Opposition Leader urges prioritisation of national oil spill policy

EAST GRAND TERRE ISLAND - JUNE 07: A dead sea turtle lies next to a rolling tide of crude oil, released following the sinking of the BP Deepwater Horizon drilling rig, along the shore of East Grand Terre Island on June 7, 2010. (Photo by Benjamin Lowy/Edit by Getty Images)

Opposition Leader Dr Bharrat Jagdeo is urging Government to make issues such as formulating a national oil spill policy a priority, lest Guyana ends up repeating the mistakes of other oil producers.

Opposition Leader Dr Bharrat Jagdeo

With just two years to go before first oil, Jagdeo on Thursday turned on the pressure on this issue.

According to the former President, not treating a national oil spill strategy as a priority is to risk Guyana retrogressing over the next few years.

“I’m saying to you, if we don’t address these critical issues, if we don’t address the rest of the economy, Guyana will be worst off in the next decade than we are now. You read the experience of many of those countries. Check the assessment of Chad and Nigeria and Venezuela and all those places. And just hear where they are today,” Jagdeo urged.

Jagdeo likened the delay in the oil policy to other faux pas’ in the industry; such as the renegotiated Production Sharing Agreement with Exxon’s subsidiary which Government was heavily criticised for.

“This is not unique in the sector, in that all the things our Government was supposed to do to protect us, as a people and our interests, they have failed on. They have failed to negotiate a contract, after we established 3.2 million barrels of oil reserves, a contract that was better than the one given to ExxonMobil when we were trying to get them to explore. They did not. In fact Exxon came out ahead in those negotiations and that’s putting it mildly.”

“They were supposed to get the Sovereign Wealth Fund to protect our interest and they failed on that. They failed on the Petroleum Commission. They failed on local content. It’s the same pattern. They’re failing to address this issue in a manner that this is an environmental issue and the potential to tackle an oil spill.”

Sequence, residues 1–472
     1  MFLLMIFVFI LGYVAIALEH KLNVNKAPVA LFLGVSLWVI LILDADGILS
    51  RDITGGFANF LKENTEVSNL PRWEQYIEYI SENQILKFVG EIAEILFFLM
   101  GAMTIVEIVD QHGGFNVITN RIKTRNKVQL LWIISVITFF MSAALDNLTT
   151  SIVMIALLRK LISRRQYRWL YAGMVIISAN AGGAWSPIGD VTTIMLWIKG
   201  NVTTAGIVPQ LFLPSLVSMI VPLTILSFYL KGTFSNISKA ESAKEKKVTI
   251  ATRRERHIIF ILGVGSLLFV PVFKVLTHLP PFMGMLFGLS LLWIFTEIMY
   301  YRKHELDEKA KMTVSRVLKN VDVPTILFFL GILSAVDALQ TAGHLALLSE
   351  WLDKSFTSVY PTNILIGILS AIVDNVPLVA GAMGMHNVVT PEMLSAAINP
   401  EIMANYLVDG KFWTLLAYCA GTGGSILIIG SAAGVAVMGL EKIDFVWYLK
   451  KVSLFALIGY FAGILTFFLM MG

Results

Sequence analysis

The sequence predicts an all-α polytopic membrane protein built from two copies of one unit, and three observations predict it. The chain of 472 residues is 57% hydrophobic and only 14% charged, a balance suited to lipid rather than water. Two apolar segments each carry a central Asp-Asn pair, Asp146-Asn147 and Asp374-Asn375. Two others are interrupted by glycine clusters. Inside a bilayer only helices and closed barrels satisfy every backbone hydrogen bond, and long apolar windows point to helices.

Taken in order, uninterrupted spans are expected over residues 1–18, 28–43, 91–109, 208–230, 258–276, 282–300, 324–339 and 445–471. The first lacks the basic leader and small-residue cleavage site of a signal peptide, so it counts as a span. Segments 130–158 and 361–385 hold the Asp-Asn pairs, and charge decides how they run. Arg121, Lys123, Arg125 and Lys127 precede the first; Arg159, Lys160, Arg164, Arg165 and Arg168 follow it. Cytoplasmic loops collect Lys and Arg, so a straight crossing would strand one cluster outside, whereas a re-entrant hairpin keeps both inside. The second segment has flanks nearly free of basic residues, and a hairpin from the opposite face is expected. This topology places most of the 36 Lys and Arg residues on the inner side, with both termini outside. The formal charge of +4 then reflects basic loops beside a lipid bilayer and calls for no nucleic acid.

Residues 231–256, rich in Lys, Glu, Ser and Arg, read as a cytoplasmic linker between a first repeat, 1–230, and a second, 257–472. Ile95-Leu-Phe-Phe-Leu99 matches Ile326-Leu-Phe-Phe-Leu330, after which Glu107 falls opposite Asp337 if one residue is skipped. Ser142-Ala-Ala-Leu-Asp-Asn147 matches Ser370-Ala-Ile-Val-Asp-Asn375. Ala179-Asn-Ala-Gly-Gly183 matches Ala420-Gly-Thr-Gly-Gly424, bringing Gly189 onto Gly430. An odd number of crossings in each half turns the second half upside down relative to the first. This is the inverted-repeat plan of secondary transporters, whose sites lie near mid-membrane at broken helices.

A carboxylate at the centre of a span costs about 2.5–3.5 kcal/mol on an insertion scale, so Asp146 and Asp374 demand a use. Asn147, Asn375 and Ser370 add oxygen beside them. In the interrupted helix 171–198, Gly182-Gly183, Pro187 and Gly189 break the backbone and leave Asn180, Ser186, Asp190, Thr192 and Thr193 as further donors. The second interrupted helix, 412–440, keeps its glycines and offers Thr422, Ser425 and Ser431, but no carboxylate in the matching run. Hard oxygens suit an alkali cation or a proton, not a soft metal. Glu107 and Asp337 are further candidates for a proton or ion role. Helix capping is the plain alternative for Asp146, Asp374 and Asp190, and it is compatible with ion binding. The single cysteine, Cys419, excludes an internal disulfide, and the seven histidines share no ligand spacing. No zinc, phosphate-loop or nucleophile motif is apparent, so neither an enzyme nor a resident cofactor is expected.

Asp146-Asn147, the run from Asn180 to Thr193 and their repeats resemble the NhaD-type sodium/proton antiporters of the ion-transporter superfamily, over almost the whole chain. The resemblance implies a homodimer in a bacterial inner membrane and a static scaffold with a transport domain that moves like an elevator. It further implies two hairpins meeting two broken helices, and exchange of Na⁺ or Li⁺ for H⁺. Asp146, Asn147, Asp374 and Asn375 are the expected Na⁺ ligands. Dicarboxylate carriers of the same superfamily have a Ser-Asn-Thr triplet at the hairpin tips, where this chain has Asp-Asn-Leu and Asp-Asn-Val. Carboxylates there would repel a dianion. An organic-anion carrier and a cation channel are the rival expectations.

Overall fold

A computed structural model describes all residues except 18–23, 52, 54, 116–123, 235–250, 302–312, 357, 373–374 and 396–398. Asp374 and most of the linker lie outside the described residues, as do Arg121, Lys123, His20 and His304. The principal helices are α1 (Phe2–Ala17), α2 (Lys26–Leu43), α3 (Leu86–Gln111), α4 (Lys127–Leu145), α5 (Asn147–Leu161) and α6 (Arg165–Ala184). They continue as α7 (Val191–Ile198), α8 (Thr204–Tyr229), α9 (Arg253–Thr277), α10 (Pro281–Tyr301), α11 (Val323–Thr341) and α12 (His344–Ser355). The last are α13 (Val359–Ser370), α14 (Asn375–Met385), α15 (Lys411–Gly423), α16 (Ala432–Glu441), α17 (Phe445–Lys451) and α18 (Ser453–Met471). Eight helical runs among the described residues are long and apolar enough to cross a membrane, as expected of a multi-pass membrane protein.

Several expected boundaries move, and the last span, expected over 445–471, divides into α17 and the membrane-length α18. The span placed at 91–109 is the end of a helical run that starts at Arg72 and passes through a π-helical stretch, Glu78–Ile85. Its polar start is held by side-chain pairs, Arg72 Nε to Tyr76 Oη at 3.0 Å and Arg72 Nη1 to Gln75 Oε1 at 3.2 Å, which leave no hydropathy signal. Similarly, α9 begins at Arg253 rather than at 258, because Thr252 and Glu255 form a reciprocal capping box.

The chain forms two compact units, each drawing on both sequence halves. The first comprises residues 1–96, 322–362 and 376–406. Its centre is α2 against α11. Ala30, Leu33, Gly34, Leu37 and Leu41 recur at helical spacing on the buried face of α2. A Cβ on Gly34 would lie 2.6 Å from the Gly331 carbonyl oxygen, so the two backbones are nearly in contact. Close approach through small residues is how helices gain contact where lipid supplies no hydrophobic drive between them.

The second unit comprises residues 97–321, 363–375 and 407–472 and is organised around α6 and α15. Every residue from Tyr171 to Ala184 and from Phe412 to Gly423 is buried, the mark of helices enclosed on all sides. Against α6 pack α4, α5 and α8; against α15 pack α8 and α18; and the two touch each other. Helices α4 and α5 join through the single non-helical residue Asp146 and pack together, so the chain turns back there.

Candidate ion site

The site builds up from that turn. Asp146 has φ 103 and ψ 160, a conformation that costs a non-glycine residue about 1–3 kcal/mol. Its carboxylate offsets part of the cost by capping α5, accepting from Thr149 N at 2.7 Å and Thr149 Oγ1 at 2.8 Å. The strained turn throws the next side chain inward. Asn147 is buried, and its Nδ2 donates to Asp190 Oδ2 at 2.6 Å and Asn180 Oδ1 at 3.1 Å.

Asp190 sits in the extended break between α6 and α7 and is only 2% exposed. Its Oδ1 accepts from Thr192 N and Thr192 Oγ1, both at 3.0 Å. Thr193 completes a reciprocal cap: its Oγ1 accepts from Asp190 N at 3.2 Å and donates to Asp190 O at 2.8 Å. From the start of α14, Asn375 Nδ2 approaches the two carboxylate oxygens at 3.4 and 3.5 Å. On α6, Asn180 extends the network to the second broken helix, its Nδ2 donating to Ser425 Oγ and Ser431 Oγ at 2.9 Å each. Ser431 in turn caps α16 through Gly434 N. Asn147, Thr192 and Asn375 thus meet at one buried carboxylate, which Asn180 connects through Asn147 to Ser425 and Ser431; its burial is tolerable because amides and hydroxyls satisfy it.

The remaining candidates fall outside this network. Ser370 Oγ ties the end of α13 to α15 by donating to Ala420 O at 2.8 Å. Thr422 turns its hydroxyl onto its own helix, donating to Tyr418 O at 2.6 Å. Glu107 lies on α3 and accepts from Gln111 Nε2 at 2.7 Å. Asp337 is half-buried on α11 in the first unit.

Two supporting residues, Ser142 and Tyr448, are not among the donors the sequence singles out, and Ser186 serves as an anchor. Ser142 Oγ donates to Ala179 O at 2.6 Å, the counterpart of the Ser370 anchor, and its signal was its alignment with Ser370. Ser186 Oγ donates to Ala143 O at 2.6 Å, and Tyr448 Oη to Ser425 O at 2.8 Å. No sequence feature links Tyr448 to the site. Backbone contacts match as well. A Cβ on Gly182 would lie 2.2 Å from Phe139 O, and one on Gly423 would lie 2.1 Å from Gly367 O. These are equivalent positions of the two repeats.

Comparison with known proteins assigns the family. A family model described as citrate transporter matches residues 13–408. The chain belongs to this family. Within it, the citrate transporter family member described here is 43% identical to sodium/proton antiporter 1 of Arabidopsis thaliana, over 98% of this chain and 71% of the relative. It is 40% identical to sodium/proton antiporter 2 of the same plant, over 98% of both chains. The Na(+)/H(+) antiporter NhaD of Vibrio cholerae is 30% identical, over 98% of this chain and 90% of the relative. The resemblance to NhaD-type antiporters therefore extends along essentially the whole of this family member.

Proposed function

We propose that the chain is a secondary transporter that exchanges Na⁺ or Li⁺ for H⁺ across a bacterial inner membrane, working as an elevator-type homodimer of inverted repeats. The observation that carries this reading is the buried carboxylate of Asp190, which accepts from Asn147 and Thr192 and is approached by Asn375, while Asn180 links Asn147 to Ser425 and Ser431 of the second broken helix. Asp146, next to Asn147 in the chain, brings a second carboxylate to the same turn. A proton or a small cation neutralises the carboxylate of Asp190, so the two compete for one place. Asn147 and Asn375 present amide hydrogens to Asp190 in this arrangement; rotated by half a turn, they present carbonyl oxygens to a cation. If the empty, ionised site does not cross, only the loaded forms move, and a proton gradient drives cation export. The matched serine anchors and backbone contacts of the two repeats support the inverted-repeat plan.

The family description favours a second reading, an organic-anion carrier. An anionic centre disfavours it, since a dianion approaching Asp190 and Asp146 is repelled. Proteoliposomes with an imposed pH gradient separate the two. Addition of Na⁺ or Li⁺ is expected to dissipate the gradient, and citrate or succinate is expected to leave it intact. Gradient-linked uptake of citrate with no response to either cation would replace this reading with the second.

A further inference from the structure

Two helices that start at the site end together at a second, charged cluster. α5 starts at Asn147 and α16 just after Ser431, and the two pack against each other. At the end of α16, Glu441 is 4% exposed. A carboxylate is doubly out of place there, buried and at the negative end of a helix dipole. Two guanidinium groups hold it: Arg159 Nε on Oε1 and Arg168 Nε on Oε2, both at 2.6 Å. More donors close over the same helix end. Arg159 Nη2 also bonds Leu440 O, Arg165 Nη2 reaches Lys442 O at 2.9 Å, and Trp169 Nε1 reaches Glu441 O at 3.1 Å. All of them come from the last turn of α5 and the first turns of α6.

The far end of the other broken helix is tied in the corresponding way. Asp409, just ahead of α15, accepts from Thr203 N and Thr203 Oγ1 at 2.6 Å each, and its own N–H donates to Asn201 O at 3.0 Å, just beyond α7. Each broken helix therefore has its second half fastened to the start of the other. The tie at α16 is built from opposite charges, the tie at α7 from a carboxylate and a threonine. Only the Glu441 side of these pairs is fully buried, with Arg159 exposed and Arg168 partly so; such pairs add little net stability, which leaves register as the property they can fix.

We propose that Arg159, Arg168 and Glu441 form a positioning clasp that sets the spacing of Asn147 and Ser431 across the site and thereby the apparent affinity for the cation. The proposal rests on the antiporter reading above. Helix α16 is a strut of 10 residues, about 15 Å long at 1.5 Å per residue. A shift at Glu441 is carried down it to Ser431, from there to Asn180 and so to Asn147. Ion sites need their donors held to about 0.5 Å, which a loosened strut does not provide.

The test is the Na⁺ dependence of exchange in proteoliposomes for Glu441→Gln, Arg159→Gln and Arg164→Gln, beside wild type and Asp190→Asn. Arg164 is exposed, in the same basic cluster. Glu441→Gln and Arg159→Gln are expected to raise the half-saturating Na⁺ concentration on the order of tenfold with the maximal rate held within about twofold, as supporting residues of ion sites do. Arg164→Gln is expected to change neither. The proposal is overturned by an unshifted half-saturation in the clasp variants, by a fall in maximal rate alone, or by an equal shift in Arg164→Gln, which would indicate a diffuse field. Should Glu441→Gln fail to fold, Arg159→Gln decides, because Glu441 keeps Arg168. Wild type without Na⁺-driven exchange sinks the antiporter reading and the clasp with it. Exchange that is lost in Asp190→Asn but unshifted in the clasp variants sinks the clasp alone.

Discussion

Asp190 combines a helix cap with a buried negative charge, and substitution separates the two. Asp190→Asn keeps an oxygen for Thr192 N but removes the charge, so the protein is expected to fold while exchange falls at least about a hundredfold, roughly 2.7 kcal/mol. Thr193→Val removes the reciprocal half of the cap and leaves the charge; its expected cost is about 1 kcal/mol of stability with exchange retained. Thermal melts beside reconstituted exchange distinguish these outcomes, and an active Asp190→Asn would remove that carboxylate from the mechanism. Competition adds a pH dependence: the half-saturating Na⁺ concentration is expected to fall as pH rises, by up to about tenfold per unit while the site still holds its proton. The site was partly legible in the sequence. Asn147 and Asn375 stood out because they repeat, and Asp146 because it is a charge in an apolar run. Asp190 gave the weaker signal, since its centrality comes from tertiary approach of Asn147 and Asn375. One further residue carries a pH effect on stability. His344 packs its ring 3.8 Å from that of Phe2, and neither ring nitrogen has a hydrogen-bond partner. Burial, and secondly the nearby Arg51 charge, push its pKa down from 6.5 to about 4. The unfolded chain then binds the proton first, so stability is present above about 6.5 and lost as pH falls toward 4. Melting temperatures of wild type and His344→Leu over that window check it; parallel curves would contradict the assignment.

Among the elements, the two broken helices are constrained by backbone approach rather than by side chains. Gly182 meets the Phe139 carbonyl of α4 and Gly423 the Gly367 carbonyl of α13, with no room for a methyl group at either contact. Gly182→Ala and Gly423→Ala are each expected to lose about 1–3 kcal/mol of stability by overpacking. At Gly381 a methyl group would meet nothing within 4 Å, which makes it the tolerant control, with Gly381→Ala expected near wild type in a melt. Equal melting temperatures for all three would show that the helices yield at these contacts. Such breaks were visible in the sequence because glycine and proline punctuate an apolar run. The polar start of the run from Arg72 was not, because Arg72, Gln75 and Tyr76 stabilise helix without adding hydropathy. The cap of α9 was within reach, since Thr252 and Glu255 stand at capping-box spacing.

According to Jagdeo, Government has instead addressed the issue in a haphazard manner. He noted that Government seemed focused on one thing and that is oil, but he warned against this approach.

It is understood that development of the oil spill plan is being spearheaded by the Civil Defence Commission (CDC).

In March, a stakeholder session was held to gain input for the draft. CDC’s partners in the process include the Guyana Energy Agency and the Environmental Protection Agency.

When it comes to deadlines, Natural Resources Minister Raphael Trotman has said that a national oil spill and contingency plan will be established by 2020.

Even before Jagdeo’s press conference, there have been criticisms about the slow pace of the plan’s development.

To its credit, however, Exxon has organised oil spill management training. This training has including providing information on dispersants, tools used and structure of response strategies among other exercises.

Last year, it was announced that the Audit Office of Guyana (AOG) would commence – a number of environmental audits in 2018. These audits, Auditor General Deodat Sharma had said, would analyse the capacity of the country’s relevant agencies to protect the environment and endangered species of animals in case of a disaster.



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